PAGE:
Shipping container

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This article is about packaging in general. For 20- and 40-ft-long metal boxes, see intermodal container.

A shipping container is a container with strength suitable to withstand shipment, storage, and handling. Shipping containers range from large reusable steel boxes used for intermodal shipments to the ubiquitous corrugated boxes. In the context of international shipping trade, "container" or "shipping container" is virtually synonymous with "(standard) intermodal freight container" (a container designed to be moved from one mode of transport to another without unloading and reloading).[1][2]

Types of shipping containers[edit]

Intermodal freight containers[edit]

A spine car with a 20 ft tanktainer and an open-top 20 ft container with canvas cover

Freight containers are a reusable transport and storage unit for moving products and raw materials between locations or countries. There are about seventeen million intermodal containers in the world, and a large proportion of the world's long-distance freight generated by international trade is transported in shipping containers. Their invention made a major contribution to the globalization of commerce in the second half of the 20th century, dramatically reducing the cost of transporting goods and hence of long-distance trade.[3][4]

Corrugated box[edit]

Main article: corrugated fiberboard

Corrugated boxes are commonly used as shipping containers. They are made of corrugated fiberboard which is light weight, recyclable, and strong enough to ship a variety of products.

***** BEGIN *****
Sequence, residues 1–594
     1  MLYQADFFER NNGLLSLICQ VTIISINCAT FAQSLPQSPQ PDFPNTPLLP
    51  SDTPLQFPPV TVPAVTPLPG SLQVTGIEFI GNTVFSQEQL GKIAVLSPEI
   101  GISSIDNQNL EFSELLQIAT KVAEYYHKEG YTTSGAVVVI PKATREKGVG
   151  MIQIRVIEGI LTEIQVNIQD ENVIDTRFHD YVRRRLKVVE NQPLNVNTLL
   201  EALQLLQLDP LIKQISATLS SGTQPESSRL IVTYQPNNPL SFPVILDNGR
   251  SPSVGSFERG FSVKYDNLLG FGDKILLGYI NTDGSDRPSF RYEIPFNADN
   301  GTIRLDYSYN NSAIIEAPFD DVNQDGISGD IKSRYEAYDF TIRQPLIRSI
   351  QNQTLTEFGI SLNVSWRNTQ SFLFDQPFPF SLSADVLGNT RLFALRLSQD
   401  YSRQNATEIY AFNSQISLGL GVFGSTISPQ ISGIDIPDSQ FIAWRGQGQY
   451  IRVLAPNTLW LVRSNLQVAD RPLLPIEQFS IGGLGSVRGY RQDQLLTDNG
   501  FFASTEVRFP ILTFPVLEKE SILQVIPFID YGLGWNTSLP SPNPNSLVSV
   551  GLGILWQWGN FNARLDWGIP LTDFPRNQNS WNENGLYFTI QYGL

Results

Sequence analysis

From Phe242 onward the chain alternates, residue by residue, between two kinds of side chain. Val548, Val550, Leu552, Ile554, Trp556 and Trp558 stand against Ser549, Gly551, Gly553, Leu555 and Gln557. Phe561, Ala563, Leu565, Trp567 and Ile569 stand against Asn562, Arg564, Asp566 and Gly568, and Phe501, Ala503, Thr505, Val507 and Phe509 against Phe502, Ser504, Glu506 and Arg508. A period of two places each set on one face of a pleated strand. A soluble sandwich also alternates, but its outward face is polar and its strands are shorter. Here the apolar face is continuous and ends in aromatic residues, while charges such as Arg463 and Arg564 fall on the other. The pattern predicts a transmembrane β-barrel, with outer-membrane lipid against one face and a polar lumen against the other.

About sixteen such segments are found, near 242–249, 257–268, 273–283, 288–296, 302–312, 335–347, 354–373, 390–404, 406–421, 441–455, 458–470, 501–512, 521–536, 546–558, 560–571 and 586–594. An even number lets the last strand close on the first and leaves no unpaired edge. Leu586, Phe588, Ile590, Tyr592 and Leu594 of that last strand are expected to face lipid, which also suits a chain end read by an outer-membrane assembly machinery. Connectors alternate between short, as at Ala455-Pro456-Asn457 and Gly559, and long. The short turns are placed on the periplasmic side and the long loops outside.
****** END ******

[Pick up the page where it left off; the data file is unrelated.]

Wooden box[edit]

Main article: Wooden box

Wooden boxes are often used for shipping heavy and dense products. They are sometimes specified for shipments of government or military shipments.

Crate[edit]

Main article: crate

A crate is a large container, often made of wood, used to transport large, heavy or awkward items. A crate has a self-supporting structure, with or without sheathing.

Intermediate bulk shipping container[edit]

A typical IBC

An Intermediate bulk container (IBC) is a container used for transport and storage of fluids and bulk materials. The construction may be plastic, composite, steel, stainless steel, etc. Some are foldable (collapsable).

Flexible Intermediate Bulk Container

A Flexible Intermediate Bulk Container, FIBC, big bag, bulk bag, or super sack is a standardized container in large dimensions for storing and transporting and storing granular products. It is often made of a woven synthetic material.

Bulk box[edit]

Main article: Bulk box

A bulk box, bulk bin, skid box, or tote box is a pallet size box used for storage and shipping of bulk quantities.

Drum[edit]

Main article: Drum (container)
Example of steel drum

Drums are cylindrical shipping containers made of steel, plastic or fiber. They are often used for liquids and granular materials.

Insulated shipping containers[edit]

Insulated shipping containers are a type of packaging used to ship temperature sensitive products such as foods, pharmaceuticals, and chemicals. They are used as part of a cold chain to help maintain product freshness and efficacy.

Pail[edit]

Main article: Pail (container)

Some pails are used as shipping containers.